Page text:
Purchased a car from Volkswagen in the last 20 years? If you did, chances are a group of researchers can now unlock your vehicle using a new wireless hack.
At the 25th Usenix Security Symposium in Austin, Texas, researchers Flavio D. Garcia and David Oswald along with colleagues from the University of Birmingham and the German engineering firm Kasper & Oswald will deliver a presentation entitled, Lock It and Still Lose It —on the (In)Security of Automotive Remote Keyless Entry Systems.
In it, they'll unveil two security vulnerabilities that together threaten the security of 100 million vehicles made by Volkswagen, Ford, and other well known car manufacturers.
The first vulnerability allows attackers to gain access to a Volkswagen car via a three-step process. The easy part comes first. Using a cheap radio receiver, actors intercept a single press of a remoteless key fob to intercept a radio signal sent to a target vehicle.
Next, they apply their reverse engineering skills to an unnamed component Volkswagen internal network, all in search of a single cryptographic key that is shared among nearly all vehicles made by the German car manufacturer.
Using those two elements, an attacker can essentially clone the key fob to unlock the vehicle.
None of that is particularly easy to pull off. An attacker has to be within 300 feet of the car, and even then, they need to find the correct component in Volkswagen's internal network.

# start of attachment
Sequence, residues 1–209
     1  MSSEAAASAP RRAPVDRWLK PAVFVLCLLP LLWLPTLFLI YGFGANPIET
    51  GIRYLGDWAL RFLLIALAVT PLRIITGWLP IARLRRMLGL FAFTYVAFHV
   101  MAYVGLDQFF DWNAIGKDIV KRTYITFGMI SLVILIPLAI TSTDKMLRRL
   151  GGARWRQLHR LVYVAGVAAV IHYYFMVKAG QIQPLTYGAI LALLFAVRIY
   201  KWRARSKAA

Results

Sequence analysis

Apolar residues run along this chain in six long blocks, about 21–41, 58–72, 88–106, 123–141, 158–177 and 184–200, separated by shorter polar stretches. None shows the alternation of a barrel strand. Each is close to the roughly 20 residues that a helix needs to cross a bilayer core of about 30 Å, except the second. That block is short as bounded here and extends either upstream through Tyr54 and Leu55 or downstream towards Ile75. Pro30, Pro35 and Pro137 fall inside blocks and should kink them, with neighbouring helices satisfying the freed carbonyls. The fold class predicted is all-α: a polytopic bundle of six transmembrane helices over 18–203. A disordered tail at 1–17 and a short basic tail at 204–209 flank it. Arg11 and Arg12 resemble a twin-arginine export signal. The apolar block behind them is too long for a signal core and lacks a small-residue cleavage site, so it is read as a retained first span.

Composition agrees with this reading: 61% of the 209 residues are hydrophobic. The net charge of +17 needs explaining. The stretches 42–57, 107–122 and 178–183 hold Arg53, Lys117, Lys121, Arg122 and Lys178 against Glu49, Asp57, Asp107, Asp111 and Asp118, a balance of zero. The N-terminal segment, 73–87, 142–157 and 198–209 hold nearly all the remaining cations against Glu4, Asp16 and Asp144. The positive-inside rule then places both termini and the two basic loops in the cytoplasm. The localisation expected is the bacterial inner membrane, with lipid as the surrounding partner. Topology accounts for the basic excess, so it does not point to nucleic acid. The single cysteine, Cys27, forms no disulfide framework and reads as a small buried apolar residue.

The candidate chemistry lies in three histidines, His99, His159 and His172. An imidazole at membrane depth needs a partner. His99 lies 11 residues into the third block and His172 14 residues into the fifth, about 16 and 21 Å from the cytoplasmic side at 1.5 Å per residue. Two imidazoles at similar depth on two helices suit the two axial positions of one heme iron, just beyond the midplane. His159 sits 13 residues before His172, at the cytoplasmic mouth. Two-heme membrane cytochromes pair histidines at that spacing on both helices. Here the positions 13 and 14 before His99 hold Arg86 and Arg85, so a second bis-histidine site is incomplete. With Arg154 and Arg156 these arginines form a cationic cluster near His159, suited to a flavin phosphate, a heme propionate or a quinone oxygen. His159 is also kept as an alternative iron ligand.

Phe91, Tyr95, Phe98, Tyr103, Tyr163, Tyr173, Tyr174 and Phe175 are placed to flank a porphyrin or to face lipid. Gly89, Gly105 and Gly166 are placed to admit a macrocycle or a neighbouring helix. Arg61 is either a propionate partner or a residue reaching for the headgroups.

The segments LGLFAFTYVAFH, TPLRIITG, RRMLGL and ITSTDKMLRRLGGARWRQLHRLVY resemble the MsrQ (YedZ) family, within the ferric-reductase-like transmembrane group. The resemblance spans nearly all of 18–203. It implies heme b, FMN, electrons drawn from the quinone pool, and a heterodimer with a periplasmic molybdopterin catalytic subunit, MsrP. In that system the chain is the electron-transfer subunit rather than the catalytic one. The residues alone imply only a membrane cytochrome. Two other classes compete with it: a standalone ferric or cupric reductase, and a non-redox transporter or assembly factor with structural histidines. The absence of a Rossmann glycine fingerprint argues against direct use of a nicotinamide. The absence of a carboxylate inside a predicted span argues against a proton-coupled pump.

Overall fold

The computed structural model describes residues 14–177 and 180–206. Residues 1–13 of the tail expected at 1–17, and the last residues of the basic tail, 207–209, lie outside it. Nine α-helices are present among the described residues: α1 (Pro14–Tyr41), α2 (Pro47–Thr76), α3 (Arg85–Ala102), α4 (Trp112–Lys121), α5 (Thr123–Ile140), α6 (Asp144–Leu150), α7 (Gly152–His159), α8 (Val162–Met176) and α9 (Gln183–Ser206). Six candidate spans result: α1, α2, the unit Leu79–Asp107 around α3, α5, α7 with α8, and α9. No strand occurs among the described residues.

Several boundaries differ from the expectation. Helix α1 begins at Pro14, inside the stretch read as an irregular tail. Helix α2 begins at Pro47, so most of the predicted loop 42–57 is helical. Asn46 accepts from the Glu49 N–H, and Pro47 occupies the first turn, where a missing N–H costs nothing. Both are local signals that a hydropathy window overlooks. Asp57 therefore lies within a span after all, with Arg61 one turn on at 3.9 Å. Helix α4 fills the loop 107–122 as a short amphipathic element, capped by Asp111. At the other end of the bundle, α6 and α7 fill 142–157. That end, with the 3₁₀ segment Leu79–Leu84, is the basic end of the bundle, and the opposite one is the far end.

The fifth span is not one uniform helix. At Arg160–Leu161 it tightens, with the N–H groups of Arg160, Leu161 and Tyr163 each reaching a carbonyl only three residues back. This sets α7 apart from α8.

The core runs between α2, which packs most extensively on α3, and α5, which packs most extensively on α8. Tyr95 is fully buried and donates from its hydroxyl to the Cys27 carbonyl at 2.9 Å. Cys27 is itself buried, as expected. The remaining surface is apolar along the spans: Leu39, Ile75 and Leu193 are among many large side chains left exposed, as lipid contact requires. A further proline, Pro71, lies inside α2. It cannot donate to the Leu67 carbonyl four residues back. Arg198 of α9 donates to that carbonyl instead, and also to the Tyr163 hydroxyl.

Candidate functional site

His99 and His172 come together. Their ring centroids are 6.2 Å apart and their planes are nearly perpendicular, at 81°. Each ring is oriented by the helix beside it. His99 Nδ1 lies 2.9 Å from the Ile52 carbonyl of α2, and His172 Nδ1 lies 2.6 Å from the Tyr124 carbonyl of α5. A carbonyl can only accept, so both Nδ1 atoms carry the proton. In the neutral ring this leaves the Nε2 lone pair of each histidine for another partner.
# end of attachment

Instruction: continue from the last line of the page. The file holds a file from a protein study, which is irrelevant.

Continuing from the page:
But it could be worth it for a bad actor. Nearly 100 million cars sold by Volkswagen use just four cryptographic keys, which means attackers could use the same key across tens of millions of vehicles.
As the researchers explain in their research paper (PDF), finding a cryptographic key truly unlocks more doors than one:
"With the knowledge of these keys, an adversary only has to eavesdrop a single signal from a target remote control. Afterwards, he can decrypt this signal, obtain the current UID and counter value, and create a clone of the original remote control to lock or unlock any door of the target vehicle an arbitrary number of times."
The second vulnerability involves a cryptographic scheme called HiTag2, which is used in millions of vehicles made by several different car manufacturers. Attackers can allegedly use a radio setup to intercept eight codes sent from a key fob to a target vehicle. Using those codes, the actors can get to work breaking the scheme.
Garcia, Oswald, and their colleagues found they could break the code in as little as one minute.
This is not the first time researchers have demonstrated automobile-related vulnerabilities. In the summer of 2015, three Jeep owners filed a lawsuit against Chrysler after two researchers demonstrated they could turn on a Jeep's windshield wipers and radio, disable the vehicle’s brakes, and remotely drive the car into the ditch after exploiting a vulnerability in the Uconnect system.
That demonstration in part led the FBI to issue a public service announcement about the threat of vehicle hacking. Security companies have also published their own research on how attackers could potentially compromise a vehicle using hacking techniques.
At this time, there is no way for VW owners to protect themselves against these two vulnerabilities. Indeed, the car manufacturer would need to patch or replace every key fob it's produced in the past 20 years to create an appropriate fix--something which is utterly impossible.
With that in mind, as the researchers openly admit:
"[T]he only remaining (yet impractical) countermeasure is to fully deactivate or at least not use the [remote keyless entry] functionality and resort to the mechanical lock of the vehicle."